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First Amendment Free Speech Protection May Apply to Hospital Director Fired After Complaints About Management

By Roger P. Gilson Jr.
  • October 31, 2003

A former director for an Ohio mental hospital may proceed with a lawsuit alleging her termination violated her right to free speech under the First Amendment to the U. S. Constitution. The former director was fired after criticizing the public institution about placing a psychiatrist's office in a patient unit and for not caring about quality standards, among other complaints. The U.S. Court of Appeals for the Sixth Circuit found the former employee had produced "sufficient evidence of a First Amendment retaliation claim," allowing her to proceed with the litigation.

According to the facility CEO, the former director was terminated after writing a memorandum criticizing the decision to place a doctor's office for consultations inside the patient unit, and accusing management of lacking concern over quality of care standards, among other things. The former director claimed the termination violated the constitutional right to freedom of speech. The trial court dismissed the lawsuit, finding it did not involve a matter of public concern. However, the federal appeals court disagreed, noting the focus of the memorandum was on patient care. The court read the memo as the director's attempt to call the CEO's attention to concerns about patient privacy, not as a complaint about management.

Having found the memo raised a matter of public concern, the court sought to balance the interests of the parties to decide whether the former director's speech was protected by the First Amendment. As a public employee, the director was acting as a citizen commenting upon matters of public concern. It then became necessary for the court to weigh her interest in doing so against the interests of the state mental health facility in providing public services.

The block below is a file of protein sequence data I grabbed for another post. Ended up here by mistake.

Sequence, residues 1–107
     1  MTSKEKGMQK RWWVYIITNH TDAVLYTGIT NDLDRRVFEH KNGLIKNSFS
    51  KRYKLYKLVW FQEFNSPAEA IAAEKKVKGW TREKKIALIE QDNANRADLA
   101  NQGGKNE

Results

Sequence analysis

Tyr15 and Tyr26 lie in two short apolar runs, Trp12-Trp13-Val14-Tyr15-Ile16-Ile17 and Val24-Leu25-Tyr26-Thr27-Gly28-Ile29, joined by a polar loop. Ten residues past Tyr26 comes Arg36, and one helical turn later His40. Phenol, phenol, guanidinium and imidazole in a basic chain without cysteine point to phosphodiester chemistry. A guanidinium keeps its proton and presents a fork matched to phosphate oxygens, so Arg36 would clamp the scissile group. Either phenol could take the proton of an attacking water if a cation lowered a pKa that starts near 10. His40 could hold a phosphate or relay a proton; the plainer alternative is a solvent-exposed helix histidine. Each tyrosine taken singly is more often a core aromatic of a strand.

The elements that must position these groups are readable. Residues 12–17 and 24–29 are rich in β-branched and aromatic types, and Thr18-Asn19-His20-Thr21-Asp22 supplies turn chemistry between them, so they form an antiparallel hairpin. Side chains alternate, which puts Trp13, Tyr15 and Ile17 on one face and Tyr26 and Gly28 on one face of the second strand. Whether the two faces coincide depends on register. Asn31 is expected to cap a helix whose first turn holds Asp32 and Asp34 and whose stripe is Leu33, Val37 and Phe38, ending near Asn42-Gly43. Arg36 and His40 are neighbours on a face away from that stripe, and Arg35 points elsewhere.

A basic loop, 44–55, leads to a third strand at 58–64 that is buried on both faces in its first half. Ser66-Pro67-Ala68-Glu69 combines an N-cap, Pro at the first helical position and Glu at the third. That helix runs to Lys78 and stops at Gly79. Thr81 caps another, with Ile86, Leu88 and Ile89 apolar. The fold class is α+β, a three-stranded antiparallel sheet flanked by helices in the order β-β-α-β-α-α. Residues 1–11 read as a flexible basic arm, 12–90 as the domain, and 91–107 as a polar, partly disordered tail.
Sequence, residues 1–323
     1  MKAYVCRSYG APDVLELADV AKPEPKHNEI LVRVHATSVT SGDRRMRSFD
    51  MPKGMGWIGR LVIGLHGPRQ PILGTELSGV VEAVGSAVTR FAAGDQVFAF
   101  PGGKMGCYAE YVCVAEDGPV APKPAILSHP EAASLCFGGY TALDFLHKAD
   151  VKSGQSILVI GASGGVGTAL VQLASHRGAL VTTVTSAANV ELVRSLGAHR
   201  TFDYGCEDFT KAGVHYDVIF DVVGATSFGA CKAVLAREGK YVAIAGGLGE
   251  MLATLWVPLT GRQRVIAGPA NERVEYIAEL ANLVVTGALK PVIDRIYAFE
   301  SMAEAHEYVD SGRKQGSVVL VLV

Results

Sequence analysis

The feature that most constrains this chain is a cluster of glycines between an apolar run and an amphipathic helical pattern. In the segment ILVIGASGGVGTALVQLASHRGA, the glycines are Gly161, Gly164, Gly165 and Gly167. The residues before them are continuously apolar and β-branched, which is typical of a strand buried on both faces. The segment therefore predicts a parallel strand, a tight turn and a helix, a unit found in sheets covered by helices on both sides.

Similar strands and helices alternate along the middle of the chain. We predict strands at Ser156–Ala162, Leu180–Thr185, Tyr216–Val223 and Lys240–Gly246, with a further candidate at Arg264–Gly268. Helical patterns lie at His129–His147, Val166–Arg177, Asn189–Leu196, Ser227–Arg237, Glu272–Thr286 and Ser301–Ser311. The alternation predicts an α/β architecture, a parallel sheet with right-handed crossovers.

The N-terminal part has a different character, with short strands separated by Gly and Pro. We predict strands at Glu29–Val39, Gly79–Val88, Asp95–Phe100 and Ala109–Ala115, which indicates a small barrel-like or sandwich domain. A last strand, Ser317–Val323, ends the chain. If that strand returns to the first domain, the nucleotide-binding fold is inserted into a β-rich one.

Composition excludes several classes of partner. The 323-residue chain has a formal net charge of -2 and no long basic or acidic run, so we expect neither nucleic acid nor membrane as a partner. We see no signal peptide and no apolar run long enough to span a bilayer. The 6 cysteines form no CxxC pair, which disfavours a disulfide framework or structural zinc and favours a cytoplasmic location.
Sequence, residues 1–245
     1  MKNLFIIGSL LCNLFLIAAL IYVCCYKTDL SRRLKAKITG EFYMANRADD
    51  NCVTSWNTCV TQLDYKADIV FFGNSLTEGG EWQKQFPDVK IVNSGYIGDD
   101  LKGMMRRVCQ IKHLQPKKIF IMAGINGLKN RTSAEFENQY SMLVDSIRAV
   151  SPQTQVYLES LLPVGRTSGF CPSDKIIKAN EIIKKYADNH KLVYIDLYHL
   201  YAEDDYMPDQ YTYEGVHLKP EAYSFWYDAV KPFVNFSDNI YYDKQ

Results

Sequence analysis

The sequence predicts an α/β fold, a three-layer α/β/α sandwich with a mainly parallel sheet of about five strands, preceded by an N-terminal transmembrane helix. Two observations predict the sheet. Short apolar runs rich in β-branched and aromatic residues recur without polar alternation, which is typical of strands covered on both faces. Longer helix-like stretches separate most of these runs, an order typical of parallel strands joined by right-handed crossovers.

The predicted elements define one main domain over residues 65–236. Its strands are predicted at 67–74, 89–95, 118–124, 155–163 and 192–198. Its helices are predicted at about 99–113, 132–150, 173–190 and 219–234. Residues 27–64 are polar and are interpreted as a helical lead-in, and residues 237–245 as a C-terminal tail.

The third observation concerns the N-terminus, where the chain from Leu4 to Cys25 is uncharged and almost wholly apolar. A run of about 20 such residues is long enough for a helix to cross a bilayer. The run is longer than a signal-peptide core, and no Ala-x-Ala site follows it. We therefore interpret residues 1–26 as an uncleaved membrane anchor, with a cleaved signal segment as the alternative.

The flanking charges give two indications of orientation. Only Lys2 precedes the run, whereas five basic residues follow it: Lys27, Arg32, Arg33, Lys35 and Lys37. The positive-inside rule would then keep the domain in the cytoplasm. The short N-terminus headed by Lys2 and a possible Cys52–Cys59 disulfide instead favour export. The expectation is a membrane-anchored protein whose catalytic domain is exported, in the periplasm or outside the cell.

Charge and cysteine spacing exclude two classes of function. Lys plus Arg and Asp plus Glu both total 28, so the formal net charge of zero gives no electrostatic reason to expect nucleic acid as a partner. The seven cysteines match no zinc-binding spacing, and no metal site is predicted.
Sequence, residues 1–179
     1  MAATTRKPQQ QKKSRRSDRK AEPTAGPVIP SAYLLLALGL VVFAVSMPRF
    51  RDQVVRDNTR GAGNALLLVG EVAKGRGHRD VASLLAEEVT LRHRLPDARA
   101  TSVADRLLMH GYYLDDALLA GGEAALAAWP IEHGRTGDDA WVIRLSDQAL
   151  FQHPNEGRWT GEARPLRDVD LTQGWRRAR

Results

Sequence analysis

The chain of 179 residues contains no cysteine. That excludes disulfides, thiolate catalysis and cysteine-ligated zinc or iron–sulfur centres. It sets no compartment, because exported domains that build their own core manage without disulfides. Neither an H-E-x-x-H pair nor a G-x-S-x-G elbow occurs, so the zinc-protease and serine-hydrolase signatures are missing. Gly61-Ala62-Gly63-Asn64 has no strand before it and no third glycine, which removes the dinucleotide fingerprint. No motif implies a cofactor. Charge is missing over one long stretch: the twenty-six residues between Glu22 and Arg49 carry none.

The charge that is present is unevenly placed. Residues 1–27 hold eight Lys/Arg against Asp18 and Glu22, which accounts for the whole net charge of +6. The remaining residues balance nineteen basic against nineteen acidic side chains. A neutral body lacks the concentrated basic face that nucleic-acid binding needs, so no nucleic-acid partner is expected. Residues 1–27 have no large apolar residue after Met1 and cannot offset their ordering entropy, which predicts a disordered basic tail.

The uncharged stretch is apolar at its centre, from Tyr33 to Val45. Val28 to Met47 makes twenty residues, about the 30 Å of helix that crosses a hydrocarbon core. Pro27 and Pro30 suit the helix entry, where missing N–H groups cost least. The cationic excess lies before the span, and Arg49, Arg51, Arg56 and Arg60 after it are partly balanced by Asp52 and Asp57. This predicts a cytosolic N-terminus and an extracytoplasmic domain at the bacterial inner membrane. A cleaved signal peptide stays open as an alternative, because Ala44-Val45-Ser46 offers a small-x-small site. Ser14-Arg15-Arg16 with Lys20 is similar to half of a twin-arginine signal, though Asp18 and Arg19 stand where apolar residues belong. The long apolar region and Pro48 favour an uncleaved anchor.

In its defense, facility management asserted the memo was "disruptive, inflammatory and interfered with working relationships" at the facility. However, the federal appeals court disagreed, noting that the "memo, on its face, does not appear to be particularly inflammatory." Management presented no evidence of disruption in operations at the facility caused by the memo, nor any state interest outweighing the director's right to call attention to the quality of patient services at the hospital, the court said.

Lastly, the director had demonstrated that the memo was a motivating factor in her termination. As such, the court concluded the jury should decide whether the institution would have taken the same action were it not for the memo. Accordingly, the court ordered the case to proceed in the trial court. [Rodgers v. Banks, 6th Cir., 9/17/03).]

Editor's Note: Lawsuits claiming free speech violations and unlawful retaliation by health care employers have become increasingly common. Claims involving free speech rights under the First Amendment may only be brought against public health care institutions by public employees for whom the constitutional guarantee extends into the workplace. What conduct raises a matter of public concern triggering the constitutional guarantee is a decision for the court; determining whether management had unlawful motives for taking the adverse employment action rests with the jury. Some state constitutions, as well as specific federal and state rights laws with anti-retaliation provisions, give employees more expansive workplace protection. Such provisions may specify rights and remedies, or may form the basis for an argument that a discharge or discipline violates public policy, as demonstrated in the following case.

©2003 Jackson Lewis P.C. This material is provided for informational purposes only. It is not intended to constitute legal advice nor does it create a client-lawyer relationship between Jackson Lewis and any recipient. Recipients should consult with counsel before taking any actions based on the information contained within this material. This material may be considered attorney advertising in some jurisdictions. Prior results do not guarantee a similar outcome.

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